Light leaf spot


Pyrenopeziza brassicae


Light leaf spot (LLS) is an important disease of winter oilseed rape in Germany, France, Poland and the UK. In Scotland and parts of Northern England, LLS (Pyrenopeziza brassicae, anamorph, Cylindrosporium concentricum) also affects vegetable brassica crops. This web page focuses on the disease in oilseed rape.


Symptoms are uncommon until late autumn or early winter. On green leaf tissue, very small white spots (spore masses) are visible. These develop into discrete lesions with pink-tinged centres. In the most severe cases, whole leaves can be killed. During the winter, severely affected plants may also be killed. Surviving plants can become stunted or distorted. When disease spreads to stems and lateral branches, elongated, fawn lesions, surrounded by black speckling, can appear. Under humid conditions, white spore masses can also form. Under conducive conditions, the disease can spread to and distort pods. These may turn brown and shatter prematurely.

Life cycle

The fungus enters its sexual stage on crop debris. Small structures (less than 1mm in size), called apothecia, develop and release airborne spores (ascospores). These can be blown for several miles and infect young oilseed rape crops in the autumn. On living plant tissue, asexual spores (conidiospores) are produced. On leaves, very small white spots (spore masses) can be seen. Spores are spread by rain and, thus, can only move relatively small distances. Consequently, the disease tends to develop in patches. As leaves senesce during stem extension, the resulting crop debris allows the pathogen to enter the sexual stage again. This can produce a further flush of wind-dispersed spores. Pathogens that produce more than one infection cycle per crop cycle, such as LLS, are called polycyclic diseases.


Historically, LLS was most serious in Scotland and the north of England. However, the importance has increased in recent years throughout England. LLS incidence has been very high across the UK over the last decade (2008–18).

Risk factors

  • Crop residues are a source of inoculum
  • The amount of stem and pod infection in the summer and summer temperatures are important factors in the risk to following crops
  • There is some evidence for transfer of LLS from the surface of contaminated seed. Therefore, the use of home-saved seed from heavily infected crops is not advised
  • Varieties with lower disease resistance ratings are more susceptible (especially those with a resistance rating under 6)
  • Late-emerging crops may be less severely affected than earlier sowings
  • Cold winters slow plant growth but the pathogen remains active. Severely affected plants may be killed during the winter and any surviving plants may become stunted or distorted.
  • Well-timed sprays can significantly reduce disease risk. Poor control will be observed in situations where crops are treated late (when the disease is well established)


Varietal resistance

Disease ratings for light leaf spot are published within the AHDB Recommended Lists.

Light leaf spot forecast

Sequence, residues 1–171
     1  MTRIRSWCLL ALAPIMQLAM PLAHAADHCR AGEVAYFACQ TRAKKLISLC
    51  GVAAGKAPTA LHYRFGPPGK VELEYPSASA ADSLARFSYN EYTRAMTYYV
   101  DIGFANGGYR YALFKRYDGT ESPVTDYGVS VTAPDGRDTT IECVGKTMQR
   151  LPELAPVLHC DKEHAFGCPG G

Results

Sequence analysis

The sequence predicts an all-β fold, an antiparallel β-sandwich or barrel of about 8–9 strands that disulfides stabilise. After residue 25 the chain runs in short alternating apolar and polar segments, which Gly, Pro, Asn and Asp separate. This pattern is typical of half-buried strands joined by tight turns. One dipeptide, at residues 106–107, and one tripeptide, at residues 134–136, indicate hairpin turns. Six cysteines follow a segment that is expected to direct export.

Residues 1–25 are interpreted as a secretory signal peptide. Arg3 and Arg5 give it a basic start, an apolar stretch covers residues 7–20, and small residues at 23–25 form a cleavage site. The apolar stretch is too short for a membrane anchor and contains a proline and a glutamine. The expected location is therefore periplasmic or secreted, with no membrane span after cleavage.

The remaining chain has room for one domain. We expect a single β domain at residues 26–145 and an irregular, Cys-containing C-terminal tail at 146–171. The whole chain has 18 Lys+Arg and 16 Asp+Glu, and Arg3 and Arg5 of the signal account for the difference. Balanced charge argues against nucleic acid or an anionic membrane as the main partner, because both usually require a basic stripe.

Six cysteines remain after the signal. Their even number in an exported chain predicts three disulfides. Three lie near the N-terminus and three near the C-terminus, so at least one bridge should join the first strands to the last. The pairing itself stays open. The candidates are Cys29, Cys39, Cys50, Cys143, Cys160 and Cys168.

Issued each autumn by AHDB, the preliminary LLS forecast shows the proportion of the oilseed rape crop (disease resistance rating of 5) estimated to have more than 25% of plants affected by LLS in the spring for the current season.

The forecast uses previous season pod incidence data and deviation from the 30-year mean summer (July and August) temperature. It also uses historic average winter rainfall data. In spring, the forecast is updated to reflect deviation in actual winter rainfall data from the 30-year mean.

The forecasts should only be used as a guide to risk levels. As local risk varies, crops should be inspected regularly on a field-by-field basis. To provide the strongest risk assessment, plant samples should be put in polythene bags and kept at 10 to 15 degrees C for around five days to bring out symptoms.

Chemical control

Where LLS occurs regularly and phoma sprays have not given adequate control, an autumn fungicide should be considered in November or early December. There is no treatment threshold before stem extension. An application of a suitable fungicide should be considered as soon as LLS is detected in the field. Varieties with LLS resistance ratings below 6 should be the priority for treatment.

A second spray may be required in February or March, if LLS symptoms are found. Unlike phoma, LLS is still a threat to yield in the spring and losses could be 30% if all plants are affected at early stem extension. At early stem extension, 15 per cent of plants affected is associated with a five per cent yield loss.

Triazole fungicides are available for LLS control. However, there have been reports of decreased azole sensitivity in UK LLS populations. Although this has not been confirmed and the impact on field efficacy not quantified, it is a cause for concern. Guidance published by the Fungicide Resistance Action Group should be followed.

Non-azoles are available for LLS control. The alternative modes of action are included in AHDB fungicide performance trials and show good activity against LLS. Therefore, It is recommended that a range of products that represent different modes of action groups are used throughout the fungicide programme. This should include timings where LLS is not the main target but is likely to be present. Due to continuous changes in fungicide availability and efficacy, people should read the detailed information on AHDB’s fungicide performance pages for the latest situation.

In terms of product dose, fungicide performance trials show that optimum dose is highly site and situation specific and dependant on variety resistance rating, crop growth and disease pressure.

Product choice will also be influenced by requirements for phoma activity and/or plant growth regulation of large plants and label restrictions.

Further information